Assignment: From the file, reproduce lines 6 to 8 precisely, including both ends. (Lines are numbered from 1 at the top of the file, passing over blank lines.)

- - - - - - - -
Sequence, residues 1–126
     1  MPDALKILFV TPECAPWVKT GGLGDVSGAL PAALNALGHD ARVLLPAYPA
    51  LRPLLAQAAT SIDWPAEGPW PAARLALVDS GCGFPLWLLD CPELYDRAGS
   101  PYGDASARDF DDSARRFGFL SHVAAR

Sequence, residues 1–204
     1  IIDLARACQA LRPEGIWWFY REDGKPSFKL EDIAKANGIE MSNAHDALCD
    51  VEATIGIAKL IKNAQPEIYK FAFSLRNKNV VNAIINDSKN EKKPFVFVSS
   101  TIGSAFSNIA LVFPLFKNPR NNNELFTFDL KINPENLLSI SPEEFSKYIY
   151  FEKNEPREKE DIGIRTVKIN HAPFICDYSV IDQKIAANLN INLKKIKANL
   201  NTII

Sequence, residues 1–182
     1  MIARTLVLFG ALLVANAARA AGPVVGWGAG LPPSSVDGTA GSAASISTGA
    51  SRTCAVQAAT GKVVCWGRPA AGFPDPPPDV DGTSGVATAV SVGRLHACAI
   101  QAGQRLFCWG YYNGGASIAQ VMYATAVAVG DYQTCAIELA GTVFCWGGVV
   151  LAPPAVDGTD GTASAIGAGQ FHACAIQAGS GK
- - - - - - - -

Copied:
     1  IIDLARACQA LRPEGIWWFY REDGKPSFKL EDIAKANGIE MSNAHDALCD
    51  VEATIGIAKL IKNAQPEIYK FAFSLRNKNV VNAIINDSKN EKKPFVFVSS
   101  TIGSAFSNIA LVFPLFKNPR NNNELFTFDL KINPENLLSI SPEEFSKYIY